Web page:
A Colonial weaver might succeed by creating new patterns and textures, but competition between workers stops at the assembly line. Some occupations reward hard work and creativity, but the person who separates potatoes from rocks as they pass on a conveyor belt isn’t likely to get a chance to show his skill and win promotion. Still, Friedman provided the philosophic underpinnings for corporate abdication of responsibility for workers’ welfare.

The Heritage Foundation writes of a period where many of the social safety net functions were provided by voluntary mutual aid:

“…a considerable share of the Masonic mutual aid involved employment-seeking assistance, short-term housing, and character references. Other organizations, such as the Ancient Order of United Workmen, offered life insurance to members…. Can this republican form of government withstand the political weight of a massively growing population of Americans who receive government benefits and who contribute little or nothing for them? How seriously have these federal programs eroded civil society by eroding once-social obligations, and by crowding out services that used to be provided by families, congregations, and community groups?”

The “contribute little or nothing for them” is false, since it’s based only on Federal income taxes. Even the poorest people pay sales and payroll taxes, which represent a greater share of their income than they do of wealthier people.

While the Heritage Foundation notes, “This rise in government dependence happened despite the nation undergoing an economic recovery after the economic collapse of 2008 and 2009,” the economic recovery was inequitably distributed, in accordance with the Milton Friedman approach.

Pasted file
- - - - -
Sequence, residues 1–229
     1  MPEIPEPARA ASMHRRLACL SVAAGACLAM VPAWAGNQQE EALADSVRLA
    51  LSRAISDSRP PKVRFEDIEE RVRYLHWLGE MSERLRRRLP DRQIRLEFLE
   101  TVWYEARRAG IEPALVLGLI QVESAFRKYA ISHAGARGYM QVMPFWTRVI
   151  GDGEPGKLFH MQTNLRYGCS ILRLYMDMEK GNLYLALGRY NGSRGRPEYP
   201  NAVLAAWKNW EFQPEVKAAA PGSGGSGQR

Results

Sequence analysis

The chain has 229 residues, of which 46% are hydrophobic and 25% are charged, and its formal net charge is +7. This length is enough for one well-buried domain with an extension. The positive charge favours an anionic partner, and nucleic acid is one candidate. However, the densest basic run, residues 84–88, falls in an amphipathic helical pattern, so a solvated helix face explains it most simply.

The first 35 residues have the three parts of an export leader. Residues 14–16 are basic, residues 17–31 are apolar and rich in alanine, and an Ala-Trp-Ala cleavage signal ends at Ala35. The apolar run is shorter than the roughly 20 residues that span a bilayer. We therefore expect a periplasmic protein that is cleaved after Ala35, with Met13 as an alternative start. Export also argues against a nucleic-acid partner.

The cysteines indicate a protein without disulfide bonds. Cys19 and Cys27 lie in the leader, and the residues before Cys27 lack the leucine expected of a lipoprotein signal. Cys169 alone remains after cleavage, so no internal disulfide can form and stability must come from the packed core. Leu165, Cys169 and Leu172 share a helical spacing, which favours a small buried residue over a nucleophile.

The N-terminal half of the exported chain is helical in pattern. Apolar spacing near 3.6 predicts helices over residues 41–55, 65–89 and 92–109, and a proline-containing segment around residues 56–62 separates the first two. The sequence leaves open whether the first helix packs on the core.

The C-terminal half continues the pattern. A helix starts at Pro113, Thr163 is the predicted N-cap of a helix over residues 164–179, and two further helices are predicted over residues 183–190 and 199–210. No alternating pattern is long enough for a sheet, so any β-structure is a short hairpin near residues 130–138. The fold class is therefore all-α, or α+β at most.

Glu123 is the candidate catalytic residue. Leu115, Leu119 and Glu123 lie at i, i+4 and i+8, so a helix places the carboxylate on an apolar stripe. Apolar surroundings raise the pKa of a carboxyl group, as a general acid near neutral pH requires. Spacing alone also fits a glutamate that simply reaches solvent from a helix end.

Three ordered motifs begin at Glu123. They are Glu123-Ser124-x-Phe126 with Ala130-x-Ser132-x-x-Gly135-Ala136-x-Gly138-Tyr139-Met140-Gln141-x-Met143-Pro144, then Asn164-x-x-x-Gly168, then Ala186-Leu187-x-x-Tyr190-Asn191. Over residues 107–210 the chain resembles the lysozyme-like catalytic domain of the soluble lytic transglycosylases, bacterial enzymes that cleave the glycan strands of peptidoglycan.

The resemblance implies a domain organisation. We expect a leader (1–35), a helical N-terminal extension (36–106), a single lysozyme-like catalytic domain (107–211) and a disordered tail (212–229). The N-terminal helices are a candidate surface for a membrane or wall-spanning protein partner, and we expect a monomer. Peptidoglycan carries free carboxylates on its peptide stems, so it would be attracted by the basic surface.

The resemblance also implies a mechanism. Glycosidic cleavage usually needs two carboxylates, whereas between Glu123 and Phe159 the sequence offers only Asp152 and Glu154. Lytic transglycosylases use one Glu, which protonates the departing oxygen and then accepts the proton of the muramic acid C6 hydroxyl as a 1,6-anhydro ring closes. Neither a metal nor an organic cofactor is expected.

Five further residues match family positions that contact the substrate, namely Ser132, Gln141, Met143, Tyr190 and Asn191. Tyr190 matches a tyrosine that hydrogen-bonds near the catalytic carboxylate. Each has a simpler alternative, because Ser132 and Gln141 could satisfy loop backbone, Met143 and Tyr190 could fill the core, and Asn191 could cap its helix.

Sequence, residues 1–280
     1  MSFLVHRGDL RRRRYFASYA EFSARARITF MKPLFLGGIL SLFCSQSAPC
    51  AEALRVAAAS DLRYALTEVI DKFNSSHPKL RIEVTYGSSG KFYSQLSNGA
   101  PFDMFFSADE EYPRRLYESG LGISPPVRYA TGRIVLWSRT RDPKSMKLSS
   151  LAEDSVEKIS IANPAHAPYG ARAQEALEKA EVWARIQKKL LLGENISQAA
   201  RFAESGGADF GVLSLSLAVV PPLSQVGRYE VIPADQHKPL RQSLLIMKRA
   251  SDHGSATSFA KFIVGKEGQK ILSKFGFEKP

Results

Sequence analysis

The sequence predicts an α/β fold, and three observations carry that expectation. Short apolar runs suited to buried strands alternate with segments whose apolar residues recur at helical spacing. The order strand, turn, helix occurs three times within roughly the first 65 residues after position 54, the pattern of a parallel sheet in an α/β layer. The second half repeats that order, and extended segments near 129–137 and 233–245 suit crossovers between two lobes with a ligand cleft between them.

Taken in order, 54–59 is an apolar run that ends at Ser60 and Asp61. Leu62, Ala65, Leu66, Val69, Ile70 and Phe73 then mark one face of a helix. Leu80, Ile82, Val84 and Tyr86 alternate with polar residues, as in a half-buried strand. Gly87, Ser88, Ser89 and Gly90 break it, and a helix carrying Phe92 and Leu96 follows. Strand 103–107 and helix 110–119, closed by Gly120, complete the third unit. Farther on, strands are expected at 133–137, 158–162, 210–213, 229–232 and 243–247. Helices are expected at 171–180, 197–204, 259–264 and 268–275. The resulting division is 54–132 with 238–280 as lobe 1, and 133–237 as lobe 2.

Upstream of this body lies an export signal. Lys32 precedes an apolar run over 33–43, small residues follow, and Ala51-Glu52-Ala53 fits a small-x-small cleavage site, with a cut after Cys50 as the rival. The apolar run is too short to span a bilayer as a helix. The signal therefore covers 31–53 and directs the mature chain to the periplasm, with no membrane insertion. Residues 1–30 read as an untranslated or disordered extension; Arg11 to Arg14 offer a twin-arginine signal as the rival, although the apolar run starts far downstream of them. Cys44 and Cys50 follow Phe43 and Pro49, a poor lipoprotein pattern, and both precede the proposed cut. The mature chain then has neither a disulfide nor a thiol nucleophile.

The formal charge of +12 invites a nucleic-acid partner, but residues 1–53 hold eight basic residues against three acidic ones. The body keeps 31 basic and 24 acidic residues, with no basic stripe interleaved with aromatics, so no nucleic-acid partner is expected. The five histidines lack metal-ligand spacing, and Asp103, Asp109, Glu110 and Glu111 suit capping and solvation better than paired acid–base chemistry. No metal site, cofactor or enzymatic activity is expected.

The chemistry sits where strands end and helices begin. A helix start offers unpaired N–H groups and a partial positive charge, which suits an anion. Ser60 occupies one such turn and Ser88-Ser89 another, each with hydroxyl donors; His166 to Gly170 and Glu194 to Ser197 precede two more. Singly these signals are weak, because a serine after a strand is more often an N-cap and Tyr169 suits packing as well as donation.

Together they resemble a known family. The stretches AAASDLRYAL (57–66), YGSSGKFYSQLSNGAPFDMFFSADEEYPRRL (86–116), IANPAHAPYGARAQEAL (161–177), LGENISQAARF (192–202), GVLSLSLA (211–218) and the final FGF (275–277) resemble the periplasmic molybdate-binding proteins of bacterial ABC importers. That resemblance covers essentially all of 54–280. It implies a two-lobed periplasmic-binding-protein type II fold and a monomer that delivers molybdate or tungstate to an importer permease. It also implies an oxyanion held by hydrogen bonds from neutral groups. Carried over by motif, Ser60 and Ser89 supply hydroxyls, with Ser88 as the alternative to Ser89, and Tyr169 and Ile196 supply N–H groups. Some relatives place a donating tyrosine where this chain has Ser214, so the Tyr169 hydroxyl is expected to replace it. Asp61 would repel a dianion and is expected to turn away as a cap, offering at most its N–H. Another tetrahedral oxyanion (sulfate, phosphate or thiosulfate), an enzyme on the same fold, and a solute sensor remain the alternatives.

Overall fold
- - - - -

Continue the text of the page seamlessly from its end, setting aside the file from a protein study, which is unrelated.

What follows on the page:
Corporations had increased earnings, which raised the value of their stocks, but the earnings were either retained or distributed to the top corporate officers without any distribution to rank and file workers. The Bush tax cuts favored profits made on stocks rather than salaries.

The Washington Post reported in 2012, “The recent recession wiped out nearly two decades of Americans’ wealth, according to government data released Monday, with -middle-class families bearing the brunt of the decline. The Federal Reserve said the median net worth of families plunged by 39 percent in just three years, from $126,400 in 2007 to $77,300 in 2010. That puts Americans roughly on par with where they were in 1992.”

The megacorporation decimated the family business, briefly became the family business, and then walked away from that responsibility. The churches, burial societies, lodges and benevolent organizations did what they could to support those in need, but ultimately were unable to cope.

The Heritage Foundation is afraid that by accepting a government check we’re becoming dependent. Among elderly Social Security beneficiaries, 52% of married couples and 74% of unmarried persons receive 50% or more of their income from Social Security. Of this group, 22% of married couples and about 47% of unmarried persons rely on Social Security for 90% or more of their income.

Sorry guys, it’s too late.

 

About Sam Uretsky

Sam is a trained pharmacist and freelance writer with degrees from Columbia University and the University of Michigan. He lives in Long Island, New York, with Kandi the Cocker Spaniel and Minerva, a cat.